- An analysis of SBA 7(a) data from 2010 to 2020 by Prosperity Now found that the program consistently underserved businesses owned by people of color, particularly Native American and Black business owners. Each year, on average, around three-quarters of 7(a) loans “have been distributed to borrowers in majority-White ZIP codes … suggesting that, for most of the decade, borrowers in majority-Black ZIP codes were consistently underserved by both volume and loan approval amount metrics.”
- One study found that SBA loans are not positively related to employment or income growth because government-guaranteed lending “crowds out” private sector credit.
- The same research found detrimental effects of SBA-backed loans in the form of “a negative effect on per capita income growth” and displacement of “loans that would have otherwise been made to more profitable and/or innovative firms.”
- A review of multiple studies concluded, “it is clear that the results concerning the impact of SBA lending on local economic conditions are inconclusive.”
- A broader review of government lending programs beyond 7(a) failed to find “evidence that financial capital constraints are a significant barrier to firm creation in the low-barrier lines of business most often targeted for entry by subsidized loan program clients.” Accordingly, “subsidized loans fail to ease” barriers to small business entry and growth.
As some have observed, local economic development is not necessarily the purpose of the 7(a) program. A positive regional effect—whether in job creation, income growth, property appreciation, or other indicators—might be a desirable (and anticipated) side effect. But those effects aren’t necessarily the yardstick by which 7(a) lending should be gauged. There are, however, broader, often unintended effects of government-guaranteed lending that may be undesirable to policymakers. The very existence of the 7(a) loan guaranty, for example, means that “SBA selectively influences credit allocation,” which “is likely to have costly unintended effects. The subsidy associated with SBA guaranteed lending may have re-distributional effects that are inconsistent with conventional notions of social welfare.” This is precisely what was found to be the case with PPP, in which “the incidence of the program across the household income distribution was highly regressive,” with a huge share of benefits (75%) accruing to the richest households.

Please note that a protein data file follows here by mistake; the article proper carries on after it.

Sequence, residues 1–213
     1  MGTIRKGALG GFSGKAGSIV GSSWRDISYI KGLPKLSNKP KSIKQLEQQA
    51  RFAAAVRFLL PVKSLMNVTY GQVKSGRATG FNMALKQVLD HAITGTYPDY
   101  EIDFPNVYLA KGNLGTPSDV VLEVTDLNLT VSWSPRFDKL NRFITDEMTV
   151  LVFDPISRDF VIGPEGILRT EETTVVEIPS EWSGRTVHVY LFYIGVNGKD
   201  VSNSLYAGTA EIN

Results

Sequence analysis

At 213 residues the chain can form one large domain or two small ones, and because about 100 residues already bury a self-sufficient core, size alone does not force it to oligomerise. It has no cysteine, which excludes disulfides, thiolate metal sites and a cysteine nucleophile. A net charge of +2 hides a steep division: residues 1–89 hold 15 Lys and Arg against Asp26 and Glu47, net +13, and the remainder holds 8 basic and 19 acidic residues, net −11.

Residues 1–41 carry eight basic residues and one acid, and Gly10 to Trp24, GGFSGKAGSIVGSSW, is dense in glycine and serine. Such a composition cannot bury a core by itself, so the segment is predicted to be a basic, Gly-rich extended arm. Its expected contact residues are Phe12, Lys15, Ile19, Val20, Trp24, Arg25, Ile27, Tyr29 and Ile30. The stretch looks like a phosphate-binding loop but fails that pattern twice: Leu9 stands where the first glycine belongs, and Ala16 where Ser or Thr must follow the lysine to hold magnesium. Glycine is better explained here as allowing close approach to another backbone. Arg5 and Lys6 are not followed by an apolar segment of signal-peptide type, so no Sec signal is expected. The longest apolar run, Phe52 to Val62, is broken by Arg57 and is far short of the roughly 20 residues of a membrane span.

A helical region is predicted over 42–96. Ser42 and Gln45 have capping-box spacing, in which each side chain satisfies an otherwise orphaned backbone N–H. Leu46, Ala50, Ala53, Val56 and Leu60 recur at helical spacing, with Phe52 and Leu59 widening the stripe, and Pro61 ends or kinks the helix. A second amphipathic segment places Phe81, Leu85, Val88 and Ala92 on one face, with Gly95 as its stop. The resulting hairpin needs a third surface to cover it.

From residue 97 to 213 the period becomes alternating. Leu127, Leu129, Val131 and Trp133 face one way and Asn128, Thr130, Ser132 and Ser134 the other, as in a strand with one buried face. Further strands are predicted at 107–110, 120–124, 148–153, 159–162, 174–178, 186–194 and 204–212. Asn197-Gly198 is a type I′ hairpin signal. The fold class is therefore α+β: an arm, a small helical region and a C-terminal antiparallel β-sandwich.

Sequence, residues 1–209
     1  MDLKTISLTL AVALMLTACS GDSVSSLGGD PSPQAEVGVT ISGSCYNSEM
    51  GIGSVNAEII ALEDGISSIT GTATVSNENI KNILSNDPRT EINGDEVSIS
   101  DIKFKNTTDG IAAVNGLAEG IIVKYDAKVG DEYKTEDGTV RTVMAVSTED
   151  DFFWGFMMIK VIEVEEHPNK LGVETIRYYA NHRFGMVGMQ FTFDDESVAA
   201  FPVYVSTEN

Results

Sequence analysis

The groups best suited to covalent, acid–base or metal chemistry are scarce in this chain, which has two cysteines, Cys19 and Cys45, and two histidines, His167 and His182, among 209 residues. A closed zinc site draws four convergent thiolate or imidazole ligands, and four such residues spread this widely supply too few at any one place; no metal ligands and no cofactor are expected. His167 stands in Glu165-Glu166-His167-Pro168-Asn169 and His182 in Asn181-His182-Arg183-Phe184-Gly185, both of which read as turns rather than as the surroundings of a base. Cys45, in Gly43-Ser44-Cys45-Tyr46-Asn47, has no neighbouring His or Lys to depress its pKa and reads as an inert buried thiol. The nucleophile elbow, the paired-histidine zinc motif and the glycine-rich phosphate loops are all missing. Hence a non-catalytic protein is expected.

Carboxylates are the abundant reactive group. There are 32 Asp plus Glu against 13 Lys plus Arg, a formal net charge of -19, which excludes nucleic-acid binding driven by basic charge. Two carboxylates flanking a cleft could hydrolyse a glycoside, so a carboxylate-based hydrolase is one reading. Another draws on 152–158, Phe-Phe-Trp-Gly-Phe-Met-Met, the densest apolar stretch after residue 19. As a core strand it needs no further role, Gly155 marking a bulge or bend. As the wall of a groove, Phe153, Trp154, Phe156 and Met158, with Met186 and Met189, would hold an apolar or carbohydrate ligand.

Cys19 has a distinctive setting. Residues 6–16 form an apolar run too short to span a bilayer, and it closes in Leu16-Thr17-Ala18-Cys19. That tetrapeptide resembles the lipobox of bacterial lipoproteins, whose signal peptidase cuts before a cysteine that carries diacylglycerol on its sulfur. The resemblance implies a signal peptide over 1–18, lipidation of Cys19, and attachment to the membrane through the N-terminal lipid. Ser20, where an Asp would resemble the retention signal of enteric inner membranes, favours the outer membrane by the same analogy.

Looking ahead, one expectation might be that demand for SBA-guaranteed loans will increase. The high application rates seen in 2021 and 2022 (excluding PPP and EIDL) likely point to greater awareness among small businesses of the existence and promise of SBA lending support. Recent actions by SBA also push in this direction, with the goal of not only expanding credit access to underserved small business borrowers but also attracting more lenders into the 7(a) program.